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Bible Tuesday for Advent IV, 2015

Bible Tuesdays for Advent IV, 2015

Micah 5:2-5

But you, O Bethlehem of Ephrathah,
who are one of the little clans of Judah,
from you shall come forth for me
one who is to rule in Israel,
whose origin is from of old,
from ancient days.
3 Therefore he shall give them up until the time
when she who is in labor has brought forth;
then the rest of his kindred shall return
to the people of Israel.
4 And he shall stand and feed his flock in the strength of the Lord,
in the majesty of the name of the Lord his God.
And they shall live secure, for now he shall be great
to the ends of the earth;
5 and he shall be the one of peace.

Abraham had Isaac, Isaac had Esau and Jacob, Jacob had twelve sons, the most famous being Joseph, as in Joseph and the Amazing Technocolored Dreamcoat. When Jacob was dying, he called all twelve of his sons to his side and blessed them each individually. It was tradition that the oldest would get the best inheritance and the best blessing. Heretofore in the book of Genesis, God was bucking tradition and choosing the youngest for the best inheritance, a trend that continues throughout the Hebrew Scriptures, but when Jacob blesses all his sons, it is a middle son, Judah who gets the choice blessing. It is through Judah that the kinds of Israel will rise.

When it was time for Samuel to anoint a new king, one who would be faithful to God, God directed the prophet to the land given to the tribe of Judah, to a geographic region called Ephrathah, to a little town called Bethlehem, to the youngest son of Jesse. There Samuel anointed a shepherd kid named David to be king of Israel. Because David raised a successful army and more than doubled Israel’s lands, and because he moved Israel’s capitol and built a decent sized city for that area and time, and because David had a strong relationship with God, David is considered the greatest king of Israel.

It is to all this history that the above passage refers. Christians read this as a prophecy regarding Jesus, but faithful Jews, from the time the prophecy was written until now, interpret this passage in many ways. All understand this passage to look forward to God’s own appointed king of Israel, but who that would be and whether or not that one has already come is wide open in Jewish teaching.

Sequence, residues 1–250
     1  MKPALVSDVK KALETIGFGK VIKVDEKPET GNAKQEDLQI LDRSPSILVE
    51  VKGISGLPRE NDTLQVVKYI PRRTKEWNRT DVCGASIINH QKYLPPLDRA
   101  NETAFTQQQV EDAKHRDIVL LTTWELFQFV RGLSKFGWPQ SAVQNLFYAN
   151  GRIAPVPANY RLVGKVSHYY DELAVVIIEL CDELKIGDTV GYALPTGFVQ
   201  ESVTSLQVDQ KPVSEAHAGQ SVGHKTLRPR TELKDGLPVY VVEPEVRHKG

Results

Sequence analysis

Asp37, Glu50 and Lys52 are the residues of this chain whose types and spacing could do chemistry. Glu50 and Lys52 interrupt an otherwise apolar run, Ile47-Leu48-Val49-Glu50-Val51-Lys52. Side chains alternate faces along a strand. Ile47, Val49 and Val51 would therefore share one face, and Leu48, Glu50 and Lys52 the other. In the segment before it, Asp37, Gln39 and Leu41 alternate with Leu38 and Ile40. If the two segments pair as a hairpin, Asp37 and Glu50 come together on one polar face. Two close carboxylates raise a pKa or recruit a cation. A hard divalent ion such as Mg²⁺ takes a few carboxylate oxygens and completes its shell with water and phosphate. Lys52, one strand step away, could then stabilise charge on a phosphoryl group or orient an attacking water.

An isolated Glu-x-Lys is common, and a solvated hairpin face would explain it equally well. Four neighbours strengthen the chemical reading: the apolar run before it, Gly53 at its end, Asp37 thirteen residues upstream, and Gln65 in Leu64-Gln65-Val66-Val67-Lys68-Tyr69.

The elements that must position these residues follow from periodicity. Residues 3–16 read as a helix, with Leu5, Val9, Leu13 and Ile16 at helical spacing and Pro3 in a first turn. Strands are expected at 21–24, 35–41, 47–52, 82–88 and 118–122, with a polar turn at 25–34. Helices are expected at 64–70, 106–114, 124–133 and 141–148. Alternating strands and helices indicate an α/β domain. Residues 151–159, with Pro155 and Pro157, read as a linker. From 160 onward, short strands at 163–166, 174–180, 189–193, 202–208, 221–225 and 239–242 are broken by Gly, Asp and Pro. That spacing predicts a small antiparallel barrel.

Christians interpret the reference to “given the up until she who is in labor has brought forth” as a reference to the fallenness of humanity until Mary gives birth to Jesus, the savior of all. Many Jewish scholars focus on the “given them up” part of this passage. Does it mean that just before the messiah comes there will be nine months of great suffering? Does it mean there will be a time of less than a year of great oppression by the Romans as in the time just before the Temple was destroyed in 69-70AD? Is this pregnancy to be interpreted more figuratively, as in all of the times Israel/Judah has suffered?

Psalm 80:1-7

To the leader: on Lilies, a Covenant. Of Asaph. A Psalm.
1 Give ear, O Shepherd of Israel,
you who lead Joseph like a flock!
You who are enthroned upon the cherubim, shine forth
2 before Ephraim and Benjamin and Manasseh.
Stir up your might,
and come to save us!

3 Restore us, O God;
let your face shine, that we may be saved.

4 O Lord God of hosts,
how long will you be angry with your people’s prayers?
5 You have fed them with the bread of tears,
and given them tears to drink in full measure.
6 You make us the scorn* of our neighbours;
our enemies laugh among themselves.

7 Restore us, O God of hosts;
let your face shine, that we may be saved.